I lost track of BookLikes for awhile. But one day in January of 2012 I got an email from BookLikes with the subject, "BookLikes is back!" Where did they go? I still have the email and here's a bit of it:

What happened? We entrusted our data to Xxxxxxxxx, one of the biggest US server hosting companies. Unfortunately, our data and all backups were damaged. So we changed our server host and after few very long days and nights we managed to recover everything that was lost. And now we believe that BookLikes is much better protected from hardware failures.

It would not be until later this year that I spoke to Dawid Piaskowski and learned the whole story. BookLikes would have gone to startup heaven had it not been for a devastating server crash, a dedicated and tenacious team, and a very supportive venture funding community.

BookLikes was started as a book recommendation engine and social network before Goodreads became that very thing. But Goodreads acquired their own recommendation technology and BookLikes was falling behind. It was time to pivot and pivot big, but the signals were confusing. Dawid and his co-founder Joanna Grzelak-Piaskowski discovered that the key component of BookLikes, its excellent recommendation engine, in which they had invested so much, was not important to their users:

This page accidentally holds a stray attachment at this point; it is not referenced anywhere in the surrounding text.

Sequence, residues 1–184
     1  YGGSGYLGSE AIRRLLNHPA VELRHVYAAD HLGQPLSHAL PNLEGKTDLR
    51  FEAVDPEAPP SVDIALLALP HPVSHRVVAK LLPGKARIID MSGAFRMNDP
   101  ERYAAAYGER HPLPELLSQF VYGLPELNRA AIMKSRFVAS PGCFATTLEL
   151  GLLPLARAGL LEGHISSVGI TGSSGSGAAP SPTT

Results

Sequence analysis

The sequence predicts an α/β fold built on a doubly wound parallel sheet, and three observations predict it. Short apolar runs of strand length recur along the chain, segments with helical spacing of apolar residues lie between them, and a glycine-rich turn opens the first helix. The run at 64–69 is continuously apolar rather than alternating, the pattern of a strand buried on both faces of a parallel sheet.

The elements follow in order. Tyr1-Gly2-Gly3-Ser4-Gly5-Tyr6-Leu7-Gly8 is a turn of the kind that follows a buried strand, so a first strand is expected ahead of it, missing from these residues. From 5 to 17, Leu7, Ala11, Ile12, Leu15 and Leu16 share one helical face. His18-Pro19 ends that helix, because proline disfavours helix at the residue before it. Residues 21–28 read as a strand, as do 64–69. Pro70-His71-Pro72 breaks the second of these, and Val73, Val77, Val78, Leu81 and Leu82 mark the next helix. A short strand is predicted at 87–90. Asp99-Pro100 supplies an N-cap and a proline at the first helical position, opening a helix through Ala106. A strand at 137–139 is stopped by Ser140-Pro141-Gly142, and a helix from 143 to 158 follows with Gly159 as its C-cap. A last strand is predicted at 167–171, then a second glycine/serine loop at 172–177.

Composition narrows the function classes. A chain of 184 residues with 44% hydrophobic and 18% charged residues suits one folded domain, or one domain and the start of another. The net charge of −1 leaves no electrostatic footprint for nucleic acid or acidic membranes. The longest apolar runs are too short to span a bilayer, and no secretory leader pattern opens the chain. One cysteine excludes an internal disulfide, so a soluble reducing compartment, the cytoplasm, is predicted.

... users weren't using our recommendation engine. Nobody noticed when we'd switched it off for two days...

That's pretty scary news for a technology startup! And then came the server crash of 2012:

Our servers were shut down for two weeks and all of our data (and backups) were lost...

... one of founders, our CTO, resigned from the project.

[Our] company bank account was nearly empty, we had to dismiss employees.

We thought about finishing up and shutting down the company.

The future looked bleak for BookLikes. The world already had Amazon and Goodreads! Did it need yet another book discovery service?

This is the part of the story that I find most exciting. Dawid and Joanna had really good reasons to pack up the business and find something else to do -- I know founders who have given up on their ideas for less devastating reasons -- but they didn't. They hung on and something wonderful happened.